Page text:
First, and most important, your financial obligations usually increase with age. You may marry, and perhaps start a family, or simply become accustomed to a standard of living above that typical of students. Most graduate schools in the West provide free tuition and some sort of living allowance for qualified graduate students doing research, but the living allowance is nothing like what you would have become accustomed to in industry. When one is young, living on a shoestring budget is acceptable, even romantic. Later in life it can be more of a strain. If you delay graduate school, you risk that it won’t be feasible later.

Second, usually your math skills decrease with time out of college, and graduate school will force you back to that calculus textbook you haven’t looked at for years. Good students can overcome this, but it is a challenge.

A third issue to consider is that graduate school can be a humbling experience: A thesis or dissertation is an apprenticeship. Greater maturity may help you keep this in perspective, or it may make it harder to accept.

My personal advice is that if you know when you complete your first degree that you want a graduate degree, take the opportunity then. But if you decide later on to consider graduate school, look carefully at the economic implications and priorities for your family (if you have one), and take the plunge only if you can manage it.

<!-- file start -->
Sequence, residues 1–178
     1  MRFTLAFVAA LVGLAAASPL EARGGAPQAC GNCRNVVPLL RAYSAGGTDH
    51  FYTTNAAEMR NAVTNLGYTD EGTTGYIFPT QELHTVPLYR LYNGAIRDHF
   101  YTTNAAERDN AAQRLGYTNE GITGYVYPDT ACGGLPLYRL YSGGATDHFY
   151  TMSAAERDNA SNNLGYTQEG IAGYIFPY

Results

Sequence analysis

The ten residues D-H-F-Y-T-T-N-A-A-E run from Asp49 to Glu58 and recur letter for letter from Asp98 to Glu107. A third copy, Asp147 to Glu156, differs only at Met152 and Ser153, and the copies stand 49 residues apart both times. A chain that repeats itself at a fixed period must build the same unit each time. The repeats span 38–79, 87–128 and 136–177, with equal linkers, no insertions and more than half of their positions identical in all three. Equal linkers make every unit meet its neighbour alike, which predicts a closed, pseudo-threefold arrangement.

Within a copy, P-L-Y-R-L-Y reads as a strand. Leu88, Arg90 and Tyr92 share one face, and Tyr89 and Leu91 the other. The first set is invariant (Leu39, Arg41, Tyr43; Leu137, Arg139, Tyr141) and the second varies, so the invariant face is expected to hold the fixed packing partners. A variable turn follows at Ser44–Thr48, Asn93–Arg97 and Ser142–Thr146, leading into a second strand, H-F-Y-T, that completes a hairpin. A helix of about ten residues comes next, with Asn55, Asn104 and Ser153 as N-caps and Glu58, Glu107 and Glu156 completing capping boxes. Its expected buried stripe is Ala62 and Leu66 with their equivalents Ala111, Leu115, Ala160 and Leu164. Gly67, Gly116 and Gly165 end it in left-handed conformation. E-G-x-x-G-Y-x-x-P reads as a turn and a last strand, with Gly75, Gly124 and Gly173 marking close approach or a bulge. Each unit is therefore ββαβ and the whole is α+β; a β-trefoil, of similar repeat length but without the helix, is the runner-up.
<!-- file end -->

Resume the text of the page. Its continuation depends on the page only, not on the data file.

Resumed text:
For me, graduate school was the most intellectually stimulating period of my life up to that time—perhaps of my whole life. It was discouraging, struggling with challenging courses and doing research that at times seemed to go nowhere. It was also rewarding as small successes came, and it was great to get to know fellow students, many of whom continue to be good friends. My wife compiled a collage of photos from graduate school that is now on my office wall, and at any excuse I pull it down and tell visitors about the people and incidents portrayed there. As Charles Dickens wrote, “It was the best of times, it was the worst of times.” Though he did not write this about graduate school, it is an apt description. But know that if you truly love learning, there are likely to be far more “best of times.”


William R. Rossen is professor of reservoir engineering at Delft University of Technology, the Netherlands. He holds BS and PhD degrees in chemical engineering from MIT and the University of Minnesota, respectively. His research interests include foams for well simulation and enhanced oil recovery (EOR), sweep efficiency in gas EOR, and modeling complex displacement and flow processes in porous media. In 2002, he received the SPE Distinguished Faculty Achievement Award. He is a Distinguished Member of SPE.